Harish Chandra, J.
1. This is a revision arising out of a complaint which has been instituted against the applicants under section 210 of the Indian Penal Code by order of a Civil Judge of Saharanpur passed on the 1st November, 1947, allowing an appeal from the order of the City Munsif dated the 12th October 1946 on an application made before it praying that a complaint be made against the applicants under section 476 of the Code of Criminal Procedure for their prosecution under Section 210 and other sections of the Indian Penal Code.
2. There was a revision from the order of the Civil Judge before the High Court and it was dismissed on the 4th March, 1949. Thereafter a complaint was made and is now proceeding before a Magistrate. In the Magistrate's court an objection was taken on behalf of the applicants that the proceedings out of which the application under section 476 of the Code of Criminal Procedure arose had taken place before the Havali Munsif at Saharanpur and that an application under section 476 of the Code of Criminal Procedure did not lie before the City Munsif, Saharanpur, and that, therefore, the Civil Judge of Saha-ranpur had no jurisdiction to direct that a complaint be made against the applicants for their prosecution under section 210 of the Indian Penal Code. He rejected the objection and the revision to the Sessions Court from the order of the learned Magistrate was dismissed by that court. The applicants have now come in revision to this Court and it is urged that the proceedings that are now going on in the court of the Magistrate are without jurisdiction.
3. It is also said that a previous application under section 476 of the Code of Criminal Procedure having been dismissed by the Munsif a second application with respect to the same facts did not lie and that the further proceedings aris-ing therefrom were without jurisdiction.
4. Lastly, it is urged that having regard to the length of time that has elapsed the present proceedings should not be allowed to go on. It would appear that the suit out of which these proceedings arose was instituted as far back as the year 1938 in the court of the City Munsif at Saharanpur. The number of the suit was 228 of 1938.
5. In regard to the first point it may be mentioned that after the suit had been instituted in the court of the City Munsif at Saharanpur it was transferred to the Additional Munsif for trial. Ultimately it was tried by the Havali Munsif and he decreed it 'ex parte' on the 30th November, 1940. The argument is that as the case was tried and decided by the Havali Munsif, the city Munsif had no jurisdiction to entertain an application under Section 476 of the code of Criminal Procedure. But the language of section 476 is very wide and according to it a court has jurisdiction to entertain an application under that section with respect to any offence referred to in section 195, Sub-section (1), Clause (b) or Clause (e) of the Code of Criminal Procedure which appears to have been committed in, or in relation to, a proceeding in that court. The words 'in that court' are very general & would in my view include in this case the City Munsif of Saharanpur in whose court the suit was instituted although the case was in fact ultimately tried and decided by the Havali Munsif. I am referred to the case of -- 'Tarkeswar Mukhopadhya v. Emperor', AIR 1926 Cal 788 (A) in which a contrary view seems to have been taken in relation to a criminal case which was instituted in the court of one Magistrate but was tried by another Magistrate. But having regard to the generality of the language used in section 476 I am not inclined to follow the decision in that case. Moreover, this point could and should have been taken when the revision application was before the High Court and I do not think I can go into that matter now after a lapse of several years from the date on which the revision application was dismissed by the High Court.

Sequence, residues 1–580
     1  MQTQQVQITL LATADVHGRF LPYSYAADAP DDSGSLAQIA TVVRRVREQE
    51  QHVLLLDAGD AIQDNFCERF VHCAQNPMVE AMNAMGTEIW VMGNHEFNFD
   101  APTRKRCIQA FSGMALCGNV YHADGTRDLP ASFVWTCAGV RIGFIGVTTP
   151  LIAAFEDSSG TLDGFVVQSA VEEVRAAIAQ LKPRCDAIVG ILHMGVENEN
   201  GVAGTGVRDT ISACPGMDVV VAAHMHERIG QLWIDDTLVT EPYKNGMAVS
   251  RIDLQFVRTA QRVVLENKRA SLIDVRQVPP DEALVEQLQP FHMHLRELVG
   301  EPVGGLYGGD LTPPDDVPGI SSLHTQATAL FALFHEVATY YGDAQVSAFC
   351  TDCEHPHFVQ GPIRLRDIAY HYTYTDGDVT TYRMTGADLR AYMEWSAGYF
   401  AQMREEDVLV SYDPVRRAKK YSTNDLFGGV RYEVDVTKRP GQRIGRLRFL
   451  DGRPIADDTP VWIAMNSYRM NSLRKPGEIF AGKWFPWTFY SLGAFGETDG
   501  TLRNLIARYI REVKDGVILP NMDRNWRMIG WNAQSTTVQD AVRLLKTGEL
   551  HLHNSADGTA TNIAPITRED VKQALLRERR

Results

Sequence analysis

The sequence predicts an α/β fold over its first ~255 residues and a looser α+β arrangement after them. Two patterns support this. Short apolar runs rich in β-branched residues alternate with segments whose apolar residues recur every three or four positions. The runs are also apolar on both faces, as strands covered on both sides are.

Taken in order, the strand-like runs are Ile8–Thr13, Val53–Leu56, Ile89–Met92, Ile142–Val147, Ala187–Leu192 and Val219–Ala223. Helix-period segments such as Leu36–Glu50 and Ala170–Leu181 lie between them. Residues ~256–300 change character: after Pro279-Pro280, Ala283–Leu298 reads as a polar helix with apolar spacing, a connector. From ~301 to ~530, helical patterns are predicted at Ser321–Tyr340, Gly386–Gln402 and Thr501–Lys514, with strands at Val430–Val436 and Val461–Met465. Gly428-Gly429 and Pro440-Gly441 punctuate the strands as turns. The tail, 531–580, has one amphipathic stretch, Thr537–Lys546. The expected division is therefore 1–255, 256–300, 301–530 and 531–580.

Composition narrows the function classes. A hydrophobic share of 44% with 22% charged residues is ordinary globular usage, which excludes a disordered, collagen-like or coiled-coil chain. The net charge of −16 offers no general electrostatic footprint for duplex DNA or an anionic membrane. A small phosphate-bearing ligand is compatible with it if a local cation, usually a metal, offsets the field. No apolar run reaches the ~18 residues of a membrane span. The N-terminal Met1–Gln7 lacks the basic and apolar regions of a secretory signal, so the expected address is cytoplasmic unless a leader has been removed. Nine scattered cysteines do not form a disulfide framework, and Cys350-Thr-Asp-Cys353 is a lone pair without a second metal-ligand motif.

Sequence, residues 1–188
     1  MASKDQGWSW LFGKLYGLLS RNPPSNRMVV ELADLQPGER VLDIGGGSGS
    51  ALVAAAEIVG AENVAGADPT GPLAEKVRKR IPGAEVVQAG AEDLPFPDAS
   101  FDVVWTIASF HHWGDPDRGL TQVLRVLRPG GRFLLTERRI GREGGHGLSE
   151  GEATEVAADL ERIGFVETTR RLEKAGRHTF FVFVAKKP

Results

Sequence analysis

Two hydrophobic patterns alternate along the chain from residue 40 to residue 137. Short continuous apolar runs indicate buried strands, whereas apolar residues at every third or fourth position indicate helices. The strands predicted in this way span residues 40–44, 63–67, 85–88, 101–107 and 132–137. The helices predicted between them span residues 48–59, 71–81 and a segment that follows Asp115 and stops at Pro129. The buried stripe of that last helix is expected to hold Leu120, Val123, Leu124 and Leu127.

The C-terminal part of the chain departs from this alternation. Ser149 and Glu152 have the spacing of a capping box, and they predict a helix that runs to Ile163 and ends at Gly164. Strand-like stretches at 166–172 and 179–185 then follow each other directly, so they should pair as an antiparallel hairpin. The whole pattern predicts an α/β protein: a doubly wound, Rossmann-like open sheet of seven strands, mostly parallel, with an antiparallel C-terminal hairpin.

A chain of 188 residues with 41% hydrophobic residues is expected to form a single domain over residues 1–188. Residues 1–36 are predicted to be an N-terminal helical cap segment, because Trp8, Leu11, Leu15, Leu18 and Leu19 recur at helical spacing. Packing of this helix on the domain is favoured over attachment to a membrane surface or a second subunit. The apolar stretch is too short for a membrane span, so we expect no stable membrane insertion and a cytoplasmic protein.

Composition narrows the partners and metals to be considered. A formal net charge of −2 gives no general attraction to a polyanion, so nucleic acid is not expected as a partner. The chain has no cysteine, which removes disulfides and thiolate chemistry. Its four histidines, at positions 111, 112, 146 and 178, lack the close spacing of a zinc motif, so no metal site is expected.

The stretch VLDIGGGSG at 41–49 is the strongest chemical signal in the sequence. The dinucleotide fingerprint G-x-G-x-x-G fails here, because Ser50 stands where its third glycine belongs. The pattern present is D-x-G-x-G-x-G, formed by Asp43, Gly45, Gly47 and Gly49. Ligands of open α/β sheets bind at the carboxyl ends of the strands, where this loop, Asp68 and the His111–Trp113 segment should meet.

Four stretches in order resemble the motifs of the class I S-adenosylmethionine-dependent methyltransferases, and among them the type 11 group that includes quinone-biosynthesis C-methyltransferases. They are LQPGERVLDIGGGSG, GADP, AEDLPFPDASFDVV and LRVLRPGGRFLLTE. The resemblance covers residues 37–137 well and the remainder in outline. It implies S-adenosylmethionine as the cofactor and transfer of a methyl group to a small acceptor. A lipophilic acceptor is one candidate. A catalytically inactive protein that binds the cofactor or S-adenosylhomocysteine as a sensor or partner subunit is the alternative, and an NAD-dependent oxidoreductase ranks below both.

6. In regard to the second point it appears from a perusal of the judgment of the High Court dated the 4th March, 1949, in Civil Revision No. 37 of 1948 that the full facts were before that Court. But this point does not seem to have prevailed with the High Court and I do not think it proper to reconsider it at this stage.
7. As regards the last contention I do not think that this is the stage at which it can be taken into consideration. The High Court finally upheld the decision of the Civil Judge directing that a complaint be made against the applicants under Section 210 of the Indian Penal Code and thereafter the present complaint was instituted in the court of a Magistrate in accordance with those directions and is going on in that Court. There is in my view no provision of law under which I can quash the present proceedings merely on the mere ground that the facts upon which it is based relate to something that took place a long time ago and thus nullify the effect of an order previously passed by this Court on a full consideration of the whole matter.
8. The application is accordingly dismissed.